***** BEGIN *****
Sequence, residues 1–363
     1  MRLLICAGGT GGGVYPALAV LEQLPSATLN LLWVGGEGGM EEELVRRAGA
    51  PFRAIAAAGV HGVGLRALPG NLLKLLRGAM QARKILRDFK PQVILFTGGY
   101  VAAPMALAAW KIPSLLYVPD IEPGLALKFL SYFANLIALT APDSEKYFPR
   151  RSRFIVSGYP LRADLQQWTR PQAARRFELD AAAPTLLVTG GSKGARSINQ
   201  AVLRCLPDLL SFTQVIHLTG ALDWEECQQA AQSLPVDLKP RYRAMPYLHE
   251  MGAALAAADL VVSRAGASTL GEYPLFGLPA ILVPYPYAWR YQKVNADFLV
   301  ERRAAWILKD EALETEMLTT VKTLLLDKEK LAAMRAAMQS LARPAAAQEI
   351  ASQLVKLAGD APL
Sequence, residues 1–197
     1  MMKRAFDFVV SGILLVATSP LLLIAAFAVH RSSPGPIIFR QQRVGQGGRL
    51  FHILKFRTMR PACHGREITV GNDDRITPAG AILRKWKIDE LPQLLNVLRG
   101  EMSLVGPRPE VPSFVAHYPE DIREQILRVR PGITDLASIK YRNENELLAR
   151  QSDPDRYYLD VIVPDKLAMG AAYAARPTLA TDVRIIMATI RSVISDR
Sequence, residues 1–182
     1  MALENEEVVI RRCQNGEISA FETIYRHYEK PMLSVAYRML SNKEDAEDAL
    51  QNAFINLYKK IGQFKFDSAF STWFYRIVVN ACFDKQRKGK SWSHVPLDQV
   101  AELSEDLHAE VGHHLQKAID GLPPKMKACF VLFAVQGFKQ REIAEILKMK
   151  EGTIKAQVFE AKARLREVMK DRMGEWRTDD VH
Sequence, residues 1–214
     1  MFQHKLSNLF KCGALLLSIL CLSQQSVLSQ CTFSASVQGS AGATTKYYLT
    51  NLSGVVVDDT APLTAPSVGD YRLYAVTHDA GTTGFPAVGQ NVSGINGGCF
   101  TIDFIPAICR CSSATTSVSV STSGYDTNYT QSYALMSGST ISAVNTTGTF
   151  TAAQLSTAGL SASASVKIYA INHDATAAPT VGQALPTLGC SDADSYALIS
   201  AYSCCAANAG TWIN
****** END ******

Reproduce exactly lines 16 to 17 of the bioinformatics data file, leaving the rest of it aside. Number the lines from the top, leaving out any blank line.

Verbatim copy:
     1  MALENEEVVI RRCQNGEISA FETIYRHYEK PMLSVAYRML SNKEDAEDAL
    51  QNAFINLYKK IGQFKFDSAF STWFYRIVVN ACFDKQRKGK SWSHVPLDQV